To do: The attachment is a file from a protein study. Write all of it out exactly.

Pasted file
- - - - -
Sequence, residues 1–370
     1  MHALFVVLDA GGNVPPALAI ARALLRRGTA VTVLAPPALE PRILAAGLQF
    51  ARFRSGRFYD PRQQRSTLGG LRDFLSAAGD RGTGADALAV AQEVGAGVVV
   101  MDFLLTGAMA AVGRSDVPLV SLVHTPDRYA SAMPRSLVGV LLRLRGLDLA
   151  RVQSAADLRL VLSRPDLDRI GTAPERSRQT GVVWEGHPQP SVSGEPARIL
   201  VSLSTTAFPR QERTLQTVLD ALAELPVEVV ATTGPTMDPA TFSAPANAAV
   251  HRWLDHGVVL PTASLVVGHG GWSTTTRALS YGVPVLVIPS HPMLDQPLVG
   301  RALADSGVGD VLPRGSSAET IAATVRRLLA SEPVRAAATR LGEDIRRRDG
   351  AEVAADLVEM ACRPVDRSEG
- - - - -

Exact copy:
Sequence, residues 1–370
     1  MHALFVVLDA GGNVPPALAI ARALLRRGTA VTVLAPPALE PRILAAGLQF
    51  ARFRSGRFYD PRQQRSTLGG LRDFLSAAGD RGTGADALAV AQEVGAGVVV
   101  MDFLLTGAMA AVGRSDVPLV SLVHTPDRYA SAMPRSLVGV LLRLRGLDLA
   151  RVQSAADLRL VLSRPDLDRI GTAPERSRQT GVVWEGHPQP SVSGEPARIL
   201  VSLSTTAFPR QERTLQTVLD ALAELPVEVV ATTGPTMDPA TFSAPANAAV
   251  HRWLDHGVVL PTASLVVGHG GWSTTTRALS YGVPVLVIPS HPMLDQPLVG
   301  RALADSGVGD VLPRGSSAET IAATVRRLLA SEPVRAAATR LGEDIRRRDG
   351  AEVAADLVEM ACRPVDRSEG